The Photographer as Tourist, and the Tourist as Subject
July 7 - August 12, 2011
Being a tourist meant being an outsider, and inexperienced member of the public. Isolated from the commonplace world by tour buses and guides, the modern tourist is protected from foreign-ness, but in the old days we wanted to pass as natives, if only to avoid being overcharged by street vendors and taxi drivers."
— J.B. Jackson, The Necessity for Ruins
Inspired by the writings of the late J. B. Jackson, Hail Traveler! The Photographer as Tourist, and the Tourist as Subject at Rick Wester Fine Art features photographs focusing on the itinerant essence of photography. Works included speak to Jackson's definition by exposing the tourist that resides in every photographer, and the tourist as a perennial target for the lens.
J.B. Jackson (1909-1996), a professor of landscape theory at Harvard in the 1970's and 80's developed many concepts related to human interaction and the landscape during his tenure of teaching. One in particular was his approach towards the education of his students, stating in his essay, Learning about Landscapes, "I taught them how to be alert and enthusiastic tourists." Jackson believed tourism was largely the desire to know more about the world in order to know more about ourselves. His ideology parallels the careers of many photographers, and the concept of finding one's vision through the exploration of the unfamiliar.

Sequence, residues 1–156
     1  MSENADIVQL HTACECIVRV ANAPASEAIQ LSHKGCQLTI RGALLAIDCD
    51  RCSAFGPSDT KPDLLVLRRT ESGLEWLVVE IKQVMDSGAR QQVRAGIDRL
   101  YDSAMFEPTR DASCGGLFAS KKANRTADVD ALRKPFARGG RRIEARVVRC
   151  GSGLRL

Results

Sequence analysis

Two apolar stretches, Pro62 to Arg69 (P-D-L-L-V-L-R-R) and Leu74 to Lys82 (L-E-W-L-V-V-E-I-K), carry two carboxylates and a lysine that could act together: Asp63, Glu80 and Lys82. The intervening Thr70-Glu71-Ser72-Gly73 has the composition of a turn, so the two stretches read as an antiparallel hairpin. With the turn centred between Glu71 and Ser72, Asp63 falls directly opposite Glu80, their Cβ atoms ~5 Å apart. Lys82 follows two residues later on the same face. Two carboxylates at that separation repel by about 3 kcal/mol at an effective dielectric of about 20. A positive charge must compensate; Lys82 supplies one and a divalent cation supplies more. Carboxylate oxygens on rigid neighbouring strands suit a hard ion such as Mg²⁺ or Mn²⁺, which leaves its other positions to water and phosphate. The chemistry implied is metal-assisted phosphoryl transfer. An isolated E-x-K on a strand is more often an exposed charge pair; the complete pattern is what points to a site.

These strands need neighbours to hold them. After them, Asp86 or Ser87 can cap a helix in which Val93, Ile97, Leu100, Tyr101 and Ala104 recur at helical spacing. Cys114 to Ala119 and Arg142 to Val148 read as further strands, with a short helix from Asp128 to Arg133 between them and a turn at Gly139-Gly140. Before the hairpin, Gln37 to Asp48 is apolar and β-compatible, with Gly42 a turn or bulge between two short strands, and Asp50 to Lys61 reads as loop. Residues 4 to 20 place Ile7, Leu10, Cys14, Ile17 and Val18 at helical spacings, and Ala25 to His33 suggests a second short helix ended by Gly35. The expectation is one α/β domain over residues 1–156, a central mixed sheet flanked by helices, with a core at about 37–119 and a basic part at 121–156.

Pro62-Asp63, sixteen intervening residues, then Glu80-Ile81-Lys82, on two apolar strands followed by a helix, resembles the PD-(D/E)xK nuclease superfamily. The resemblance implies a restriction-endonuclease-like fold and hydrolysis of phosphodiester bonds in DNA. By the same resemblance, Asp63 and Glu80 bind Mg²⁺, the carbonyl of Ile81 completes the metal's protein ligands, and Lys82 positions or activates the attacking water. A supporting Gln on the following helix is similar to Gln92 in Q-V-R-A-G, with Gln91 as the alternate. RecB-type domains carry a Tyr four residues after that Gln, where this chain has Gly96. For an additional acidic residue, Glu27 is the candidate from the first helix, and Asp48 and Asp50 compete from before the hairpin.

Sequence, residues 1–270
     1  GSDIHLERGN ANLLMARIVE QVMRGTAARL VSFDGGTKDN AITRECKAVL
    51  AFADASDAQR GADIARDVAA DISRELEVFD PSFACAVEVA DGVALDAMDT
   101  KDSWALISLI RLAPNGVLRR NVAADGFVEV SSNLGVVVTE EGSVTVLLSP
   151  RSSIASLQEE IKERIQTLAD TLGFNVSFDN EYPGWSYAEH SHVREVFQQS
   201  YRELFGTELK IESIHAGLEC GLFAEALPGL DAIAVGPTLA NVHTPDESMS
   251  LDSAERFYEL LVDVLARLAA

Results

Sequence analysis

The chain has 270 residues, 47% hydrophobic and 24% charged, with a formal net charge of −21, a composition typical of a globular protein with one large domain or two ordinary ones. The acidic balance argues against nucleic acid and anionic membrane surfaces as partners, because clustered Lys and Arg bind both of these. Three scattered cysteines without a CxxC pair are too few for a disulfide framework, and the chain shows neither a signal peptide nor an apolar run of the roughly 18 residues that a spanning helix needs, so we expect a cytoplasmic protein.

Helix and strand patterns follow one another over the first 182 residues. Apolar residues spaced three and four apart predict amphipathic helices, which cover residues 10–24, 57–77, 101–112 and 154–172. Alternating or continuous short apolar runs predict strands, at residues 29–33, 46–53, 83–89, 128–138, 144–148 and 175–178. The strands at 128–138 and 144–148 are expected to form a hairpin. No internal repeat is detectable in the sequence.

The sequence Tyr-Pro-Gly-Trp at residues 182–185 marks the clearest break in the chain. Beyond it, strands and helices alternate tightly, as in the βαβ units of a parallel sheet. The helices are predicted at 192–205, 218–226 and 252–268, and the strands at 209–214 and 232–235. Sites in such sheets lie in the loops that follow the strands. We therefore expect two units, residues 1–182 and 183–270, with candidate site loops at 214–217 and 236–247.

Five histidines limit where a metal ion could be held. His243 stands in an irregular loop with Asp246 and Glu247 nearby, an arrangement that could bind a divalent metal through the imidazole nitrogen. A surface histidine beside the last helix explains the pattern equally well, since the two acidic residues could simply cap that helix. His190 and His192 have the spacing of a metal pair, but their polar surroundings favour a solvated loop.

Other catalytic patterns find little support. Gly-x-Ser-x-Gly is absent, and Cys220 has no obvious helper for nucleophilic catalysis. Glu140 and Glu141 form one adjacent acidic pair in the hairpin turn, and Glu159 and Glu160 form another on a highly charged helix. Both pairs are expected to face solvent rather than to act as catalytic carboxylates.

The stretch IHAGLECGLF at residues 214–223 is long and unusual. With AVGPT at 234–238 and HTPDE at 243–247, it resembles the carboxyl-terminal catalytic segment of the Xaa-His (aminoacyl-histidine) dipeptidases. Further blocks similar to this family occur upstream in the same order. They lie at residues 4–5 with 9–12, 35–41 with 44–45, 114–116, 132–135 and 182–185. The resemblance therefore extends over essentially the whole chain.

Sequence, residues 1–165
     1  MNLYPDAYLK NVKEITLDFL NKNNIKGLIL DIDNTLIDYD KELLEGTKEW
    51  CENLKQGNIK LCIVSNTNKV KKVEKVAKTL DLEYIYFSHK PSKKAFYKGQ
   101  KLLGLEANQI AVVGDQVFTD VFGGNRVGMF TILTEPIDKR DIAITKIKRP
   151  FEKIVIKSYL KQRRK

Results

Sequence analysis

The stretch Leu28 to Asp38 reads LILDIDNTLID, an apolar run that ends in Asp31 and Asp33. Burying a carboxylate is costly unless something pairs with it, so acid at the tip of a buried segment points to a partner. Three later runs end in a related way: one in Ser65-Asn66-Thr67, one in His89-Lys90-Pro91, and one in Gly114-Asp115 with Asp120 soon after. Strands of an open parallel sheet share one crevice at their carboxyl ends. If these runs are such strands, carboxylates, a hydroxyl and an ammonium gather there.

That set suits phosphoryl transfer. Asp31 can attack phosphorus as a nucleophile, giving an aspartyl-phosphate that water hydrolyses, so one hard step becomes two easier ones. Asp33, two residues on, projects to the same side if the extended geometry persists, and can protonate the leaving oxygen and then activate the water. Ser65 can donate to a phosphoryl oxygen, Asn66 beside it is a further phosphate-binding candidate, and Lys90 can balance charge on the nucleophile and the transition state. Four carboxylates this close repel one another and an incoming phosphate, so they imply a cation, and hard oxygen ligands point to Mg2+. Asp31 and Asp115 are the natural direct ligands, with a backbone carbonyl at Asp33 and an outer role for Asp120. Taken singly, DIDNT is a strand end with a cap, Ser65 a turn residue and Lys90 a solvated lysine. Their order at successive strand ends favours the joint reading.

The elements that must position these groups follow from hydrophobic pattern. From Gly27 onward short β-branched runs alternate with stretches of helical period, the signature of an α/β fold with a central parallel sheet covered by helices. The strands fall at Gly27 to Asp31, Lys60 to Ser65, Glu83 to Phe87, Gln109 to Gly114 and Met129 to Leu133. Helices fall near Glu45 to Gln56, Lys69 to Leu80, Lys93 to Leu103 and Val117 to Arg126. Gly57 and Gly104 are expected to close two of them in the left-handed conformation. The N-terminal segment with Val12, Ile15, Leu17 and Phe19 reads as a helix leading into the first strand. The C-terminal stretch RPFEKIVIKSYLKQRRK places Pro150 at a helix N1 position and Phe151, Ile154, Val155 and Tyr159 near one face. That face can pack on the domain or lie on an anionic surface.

The artists shown range in both age and technique. From Robert Adams to Michael Wolf, the show will encompass photographs by Richard Avedon, Jehsong Baak, Harry Callahan, Louis Faurer, Brad Farwell, Sandi Haber Fifield, Robert Frank, John Goodman, Sharon Harper, Sarah Hotchkiss, Laurie Lambrecht, Tony Maine, Lilly McElroy, Jeff Mermelstein, Dana Mueller, Bea Nettles, Jonathan Smith, Hiroshi Sugimoto, Garry Winogrand, and others.
Richard Avedon's Juan Patricio Lobato, Rocky Ford, Colorado, 8/23/80 from In the American West will be shown. Avedon travelled throughout the U.S. in search of the extraordinary subject among those sitters he met, rather than photograph the stereotypical view most American's had of the image of the West. In a completely different direction alongside Avedon's monumental portrait will be a video piece by Lilly McElroy titled "The Square - After Roberto Lopardo," a thirty minute video piece documenting a 2004 performance in Chicago. McElroy was contained in a square drawn on the sidewalk of a busy city street preventing passerby's from entering the space. She obstructs the outsider from inhabiting this "public" space, occupied daily by locals and tourists alike.
Highlights include work from Jonathan Smith's ongoing series, East/West, an exploration of America's coastlines. Work by emerging artist Brad Farwell, titled Fourth, The Tourists exposes the many tourists who flock to New York's Times Square everyday in search of that perfect snapshot. The timeless work by the likes of Louis Faurer, Robert Frank, Harry Callahan and Garry Winogrand will also be paired with the emerging viewpoints on display.